No place for hate in Sackville

Homecoming. Fall Fair. Live bands, bounce castles, llamas, and an excuse for student day drinking. That is what September 23 was supposed to be about. A week before, however, rumblings began on social media that there was to be a freedom rally in Bill Johnstone Memorial Park on September 23. The only information seemed to be on a website called World Wide Freedom Rally, and the protest seemed to be against government lockdowns and vaccine mandates. In response, the organizers of the Fall Fair changed the planned parade route and family activities to avoid this vague protest that held the possibility of becoming violent. 


The rally was confusing. While some protestors followed the website’s anti COVID-19 lockdown creeds, others took up different causes. With the large number of anti-2SLGBTQ+ protests in the past weeks, one protestor captioned a photo from the rally with “Just keep the Gender Ideology away from our children.” Numerous protestors were affiliated with Hold the Line NB. This movement is, according to their website, against 2SLGBTQ+ education, 15 minute cities, biometrics, digital IDs, banks, and smart appliances, among other things. Many had flags: the New Brunswick flag, the Canadian flag, some reading “Don’t tread on me,” and others reading “Fuck Trudeau.” One protestor — who was wearing a “Make America Great Again” hat — mentioned that he believed the group has one billion supporters across Canada, which is curious considering that according to Statistics Canada’s 2021 census, the population was just under 37 million. The protestors also showed pride at the fact that they had taken two to three months to rally together and organize this protest. They also did not seem to be local, with many mentioning that they had also been to Saint John and Fredericton, and others mentioning they were from Nova Scotia.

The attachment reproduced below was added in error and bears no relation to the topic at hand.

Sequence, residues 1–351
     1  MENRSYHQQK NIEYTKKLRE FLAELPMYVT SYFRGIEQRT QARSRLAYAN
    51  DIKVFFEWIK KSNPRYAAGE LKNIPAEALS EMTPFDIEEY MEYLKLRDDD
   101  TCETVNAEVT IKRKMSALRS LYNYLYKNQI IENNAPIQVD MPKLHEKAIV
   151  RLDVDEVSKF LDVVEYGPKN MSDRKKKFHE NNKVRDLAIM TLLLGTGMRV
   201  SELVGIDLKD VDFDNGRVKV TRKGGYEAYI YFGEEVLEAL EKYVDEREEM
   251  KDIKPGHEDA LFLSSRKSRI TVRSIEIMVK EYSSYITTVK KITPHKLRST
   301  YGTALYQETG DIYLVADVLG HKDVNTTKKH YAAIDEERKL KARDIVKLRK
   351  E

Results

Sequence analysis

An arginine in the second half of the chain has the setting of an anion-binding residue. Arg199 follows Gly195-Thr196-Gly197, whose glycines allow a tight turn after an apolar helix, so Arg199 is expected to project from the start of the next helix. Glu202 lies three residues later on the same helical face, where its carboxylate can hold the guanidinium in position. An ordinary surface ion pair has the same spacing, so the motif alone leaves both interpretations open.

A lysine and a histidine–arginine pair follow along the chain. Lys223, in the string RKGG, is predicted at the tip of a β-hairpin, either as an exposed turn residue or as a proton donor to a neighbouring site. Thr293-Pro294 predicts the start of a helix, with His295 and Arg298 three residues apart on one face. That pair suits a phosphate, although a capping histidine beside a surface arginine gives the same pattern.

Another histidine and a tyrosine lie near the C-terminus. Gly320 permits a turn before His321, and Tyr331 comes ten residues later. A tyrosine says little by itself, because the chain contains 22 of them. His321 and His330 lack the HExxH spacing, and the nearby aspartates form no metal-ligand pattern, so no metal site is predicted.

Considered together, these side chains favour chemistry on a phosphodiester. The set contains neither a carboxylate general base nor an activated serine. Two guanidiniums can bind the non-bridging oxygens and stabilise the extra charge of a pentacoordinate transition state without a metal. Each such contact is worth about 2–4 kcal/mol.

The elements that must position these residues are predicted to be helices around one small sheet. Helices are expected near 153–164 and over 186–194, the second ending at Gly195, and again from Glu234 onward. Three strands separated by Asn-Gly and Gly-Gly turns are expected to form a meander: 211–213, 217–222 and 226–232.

They were not welcomed with open arms. On September 22, Mt. A Manager of Academic Support Shelly Colette posted a graphic to her Instagram, reading “Fall Festival Celebration & Karaoke! No Place for Hate in Sackville.” Colette, alongside other Sackville locals, decked out the park in pride flags. Organizers shared rainbow stickers, cake, and bubbles. Speakers blared with a playlist of pride favourites, such as Kylie Minogue’s “Padam Padam” and Cher’s “Believe.” The counter-protestors — made up of locals, elementary school teachers, Mt. A faculty, staff, and students — were peaceful. They kept their distance. They sang and danced through the park, spreading colour and joy. The Deus Ex Machina coffee truck, parked since that morning’s Farmer’s Market, displayed yet more pride flags and gave out pride buttons, with some reading “Ally.” Despite the peace and celebration, however, there was a message. Sackville will not stand for hate. The freedom rally will not occupy this park. Sackville is proudly queer, and supports its trans youth. The park’s gate stood as a barrier between the protestors — relegated to the sidewalk outside the park — and the swaths of counter-protestors within. A few brave, trans students chose to stand at this barrier, refuting points and attempting to reason with the Freedom Rally. I hope this event showcases to 2SLGBTQ+ students that this town supports and protects them, while fending off those who would make it otherwise. 

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